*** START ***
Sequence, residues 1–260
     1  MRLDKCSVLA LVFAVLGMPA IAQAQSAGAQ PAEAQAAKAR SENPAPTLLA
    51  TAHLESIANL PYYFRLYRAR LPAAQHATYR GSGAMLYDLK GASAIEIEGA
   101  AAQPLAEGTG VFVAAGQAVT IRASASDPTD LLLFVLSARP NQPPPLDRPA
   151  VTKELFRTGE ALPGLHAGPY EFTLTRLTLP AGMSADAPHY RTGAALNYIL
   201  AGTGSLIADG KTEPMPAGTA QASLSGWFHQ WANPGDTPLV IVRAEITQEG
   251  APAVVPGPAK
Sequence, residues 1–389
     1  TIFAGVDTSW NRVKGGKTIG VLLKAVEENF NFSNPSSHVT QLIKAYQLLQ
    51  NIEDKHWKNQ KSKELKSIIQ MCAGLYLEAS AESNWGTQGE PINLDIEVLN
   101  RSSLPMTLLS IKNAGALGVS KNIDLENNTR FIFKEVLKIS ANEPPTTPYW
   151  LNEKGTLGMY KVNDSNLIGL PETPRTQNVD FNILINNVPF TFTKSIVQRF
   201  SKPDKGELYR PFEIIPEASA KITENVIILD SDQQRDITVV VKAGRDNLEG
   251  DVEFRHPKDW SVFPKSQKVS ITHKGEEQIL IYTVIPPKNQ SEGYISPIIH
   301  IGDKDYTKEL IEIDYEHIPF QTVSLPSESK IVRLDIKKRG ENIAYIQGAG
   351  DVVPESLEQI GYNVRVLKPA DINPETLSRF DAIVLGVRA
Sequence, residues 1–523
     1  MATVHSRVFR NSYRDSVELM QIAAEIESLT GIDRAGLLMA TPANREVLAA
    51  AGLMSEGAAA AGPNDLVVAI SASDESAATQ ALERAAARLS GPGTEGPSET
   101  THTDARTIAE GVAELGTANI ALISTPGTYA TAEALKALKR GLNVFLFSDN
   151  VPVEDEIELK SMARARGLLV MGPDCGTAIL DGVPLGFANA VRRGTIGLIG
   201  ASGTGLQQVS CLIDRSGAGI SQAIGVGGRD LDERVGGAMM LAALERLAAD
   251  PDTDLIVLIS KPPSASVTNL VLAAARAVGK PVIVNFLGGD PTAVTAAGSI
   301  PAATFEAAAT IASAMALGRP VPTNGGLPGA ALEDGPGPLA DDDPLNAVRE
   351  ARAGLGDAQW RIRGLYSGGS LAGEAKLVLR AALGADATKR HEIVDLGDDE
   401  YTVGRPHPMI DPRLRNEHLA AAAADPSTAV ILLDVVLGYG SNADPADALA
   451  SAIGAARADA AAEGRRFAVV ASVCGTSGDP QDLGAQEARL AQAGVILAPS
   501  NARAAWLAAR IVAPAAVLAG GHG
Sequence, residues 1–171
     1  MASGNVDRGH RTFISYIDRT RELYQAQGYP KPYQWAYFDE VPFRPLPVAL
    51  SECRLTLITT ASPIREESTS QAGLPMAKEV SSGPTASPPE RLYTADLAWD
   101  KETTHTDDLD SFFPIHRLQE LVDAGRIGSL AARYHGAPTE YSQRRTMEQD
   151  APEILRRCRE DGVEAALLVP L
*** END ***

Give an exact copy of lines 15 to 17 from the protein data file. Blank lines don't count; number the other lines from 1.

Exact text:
   301  IGDKDYTKEL IEIDYEHIPF QTVSLPSESK IVRLDIKKRG ENIAYIQGAG
   351  DVVPESLEQI GYNVRVLKPA DINPETLSRF DAIVLGVRA
Sequence, residues 1–523